Summer’s balmy temperatures and skimpy dress codes have diners craving desserts that showcase the season’s abundant produce while keeping it light. Restaurants are responding with flavorful, health-conscientious dishes focused on fresh fruit with cool and airy accompaniments. We spoke with two experts for tips on creating summer dessert menus that deliver just the right sweets to keep guests in their seats.
“My favorite healthy-ish desserts for summer are based on meringue,” says Dana Cree, a James Beard Award-nominated pastry chef with experience in Chicago’s top restaurants and plans to open her own dessert shop, Pretty Cool Ice Cream, this summer. “By nature, meringues are fat-free. Once baked, they’re crispy and light, and become the perfect foil for a little bit of rich whipped cream or custardy pudding before you pile them high with fresh fruit.”
Cree suggests innovative takes on two classic recipes that strike the right balance of wholesome and satisfying.
“Pavlovas are particularly lovely, a flat meringue that can be piled with simmered fruit compotes, or fresh fruit-like berries. I like to slip a little sorbet or ice cream on top as well,” she explains. “Another favorite is something called an Eton mess.
"Pavlovas are particularly lovely, a flat meringue that can be piled with simmered fruit compotes, or fresh fruit-like berries."
– Dana Cree of Pretty Cool Ice Cream
It involves crushing meringues and folding them with lightly sweetened whipped cream and fresh fruit, or a little ripple of preserves. Traditionally it’s made with strawberries, but it’s so delicious I can’t stand to lose the dessert once strawberries are out of season.”
Erik Ramirez, the Peruvian-American chef/owner of Brooklyn’s Llama Inn--a 2018 Michelin Guide Bib Gourmand restaurant--likes to blend the exotic with the familiar.
“For our dessert menus, we’re constantly searching for Peruvian ingredients to highlight while mixing them with local seasonal ingredients,” he says. “One combination I’m thinking about for summer is cherimoya--custard apples native to the Andean highlands of Peru--with avocado, in a frozen sabayon with both ingredients swirled together and topped with a cookie for crunch.”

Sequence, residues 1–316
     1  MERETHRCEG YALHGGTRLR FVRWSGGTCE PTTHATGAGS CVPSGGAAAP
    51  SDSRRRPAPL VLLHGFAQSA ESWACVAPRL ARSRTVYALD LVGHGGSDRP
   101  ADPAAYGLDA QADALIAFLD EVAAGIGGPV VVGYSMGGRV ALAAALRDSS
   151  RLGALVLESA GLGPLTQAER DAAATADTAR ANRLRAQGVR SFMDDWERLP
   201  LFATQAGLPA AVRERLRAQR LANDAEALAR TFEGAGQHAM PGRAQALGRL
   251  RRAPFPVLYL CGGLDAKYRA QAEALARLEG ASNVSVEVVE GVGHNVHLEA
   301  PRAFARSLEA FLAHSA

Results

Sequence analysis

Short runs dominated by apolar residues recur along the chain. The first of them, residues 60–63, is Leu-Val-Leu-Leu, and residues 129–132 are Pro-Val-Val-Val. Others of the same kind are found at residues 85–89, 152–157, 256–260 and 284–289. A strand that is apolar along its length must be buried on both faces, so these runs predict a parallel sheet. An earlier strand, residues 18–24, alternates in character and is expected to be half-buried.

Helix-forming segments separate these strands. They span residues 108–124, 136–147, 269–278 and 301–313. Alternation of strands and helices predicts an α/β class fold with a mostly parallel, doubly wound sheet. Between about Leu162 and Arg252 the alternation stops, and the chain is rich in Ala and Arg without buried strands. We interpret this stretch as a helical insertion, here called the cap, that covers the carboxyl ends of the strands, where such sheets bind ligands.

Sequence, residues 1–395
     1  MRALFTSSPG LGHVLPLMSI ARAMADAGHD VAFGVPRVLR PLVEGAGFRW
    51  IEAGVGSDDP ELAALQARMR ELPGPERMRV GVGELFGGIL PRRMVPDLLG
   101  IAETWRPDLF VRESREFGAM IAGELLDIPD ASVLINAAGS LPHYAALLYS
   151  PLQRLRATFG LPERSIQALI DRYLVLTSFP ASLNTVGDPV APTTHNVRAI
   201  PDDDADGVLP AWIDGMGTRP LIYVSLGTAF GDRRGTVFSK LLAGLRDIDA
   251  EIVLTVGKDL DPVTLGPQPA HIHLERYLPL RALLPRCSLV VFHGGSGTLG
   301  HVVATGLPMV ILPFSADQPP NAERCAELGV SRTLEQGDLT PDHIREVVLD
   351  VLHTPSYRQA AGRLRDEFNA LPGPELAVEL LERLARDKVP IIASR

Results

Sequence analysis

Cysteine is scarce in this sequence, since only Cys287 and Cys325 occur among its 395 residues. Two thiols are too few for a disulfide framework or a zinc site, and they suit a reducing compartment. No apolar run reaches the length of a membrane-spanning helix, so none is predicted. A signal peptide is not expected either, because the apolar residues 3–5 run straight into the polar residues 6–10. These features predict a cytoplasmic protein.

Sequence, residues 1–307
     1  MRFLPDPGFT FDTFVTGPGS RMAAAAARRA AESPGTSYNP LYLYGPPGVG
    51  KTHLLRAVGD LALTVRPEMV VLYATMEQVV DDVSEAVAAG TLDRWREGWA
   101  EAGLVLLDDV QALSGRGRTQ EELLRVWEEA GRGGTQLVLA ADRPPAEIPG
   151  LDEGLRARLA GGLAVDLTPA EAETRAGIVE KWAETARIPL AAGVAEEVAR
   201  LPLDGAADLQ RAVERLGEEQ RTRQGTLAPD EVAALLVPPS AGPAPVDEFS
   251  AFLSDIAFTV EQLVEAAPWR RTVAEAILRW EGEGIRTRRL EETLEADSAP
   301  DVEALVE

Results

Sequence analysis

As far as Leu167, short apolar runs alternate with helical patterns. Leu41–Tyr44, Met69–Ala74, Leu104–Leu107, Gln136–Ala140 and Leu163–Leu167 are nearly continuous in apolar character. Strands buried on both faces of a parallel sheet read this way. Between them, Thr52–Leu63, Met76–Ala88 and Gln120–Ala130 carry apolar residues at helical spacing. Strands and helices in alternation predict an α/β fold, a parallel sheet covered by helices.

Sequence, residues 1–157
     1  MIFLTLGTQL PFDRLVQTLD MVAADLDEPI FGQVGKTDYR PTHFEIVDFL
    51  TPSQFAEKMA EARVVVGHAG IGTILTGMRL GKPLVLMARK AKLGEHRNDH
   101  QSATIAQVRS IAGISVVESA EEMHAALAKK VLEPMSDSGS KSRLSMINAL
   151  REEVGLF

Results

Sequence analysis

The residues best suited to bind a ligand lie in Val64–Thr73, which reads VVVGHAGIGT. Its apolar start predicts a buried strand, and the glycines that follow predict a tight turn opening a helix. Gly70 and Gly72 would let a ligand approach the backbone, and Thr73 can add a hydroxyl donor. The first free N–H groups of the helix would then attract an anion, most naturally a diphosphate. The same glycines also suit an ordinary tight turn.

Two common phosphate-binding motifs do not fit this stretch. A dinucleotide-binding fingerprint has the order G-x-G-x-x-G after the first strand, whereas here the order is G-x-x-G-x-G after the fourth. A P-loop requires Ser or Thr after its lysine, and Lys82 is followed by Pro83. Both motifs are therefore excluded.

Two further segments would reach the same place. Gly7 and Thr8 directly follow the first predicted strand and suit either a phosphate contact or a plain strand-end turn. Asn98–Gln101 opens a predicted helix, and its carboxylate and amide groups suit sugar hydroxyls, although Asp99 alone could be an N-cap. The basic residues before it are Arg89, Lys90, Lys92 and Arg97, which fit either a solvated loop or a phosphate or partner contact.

“Another idea I’ve been playing with is a take on a summer berry bowl,” Ramirez continues. “The berries would be poached with sugar, vinegar, and filtered water and served in their own liquid, something like canned fruit. To top, I’m thinking muña (a Peruvian mint from the Andes) ice cream or stone fruit of the same preparation with toasted quinoa ice cream, which has this unique, cereal-like flavor.”
Regardless of what ingredients are used, however, both chefs caution that diners will skip dessert entirely if it’s treated as an afterthought.
“It’s important to show the same enthusiasm for a sweet as you would for a savory,” says Ramirez. “The meal is one cohesive experience, not just dinner or dessert.”
“In my experience the only thing that encourages a diner to choose dessert is making it staff education. If the servers love something, they will sell it,” adds Cree. “Also, working with a consultant to provide you with delicious recipes, built to work within the constraints of your own kitchen, has a bigger payout with repeat business than gimmicks.”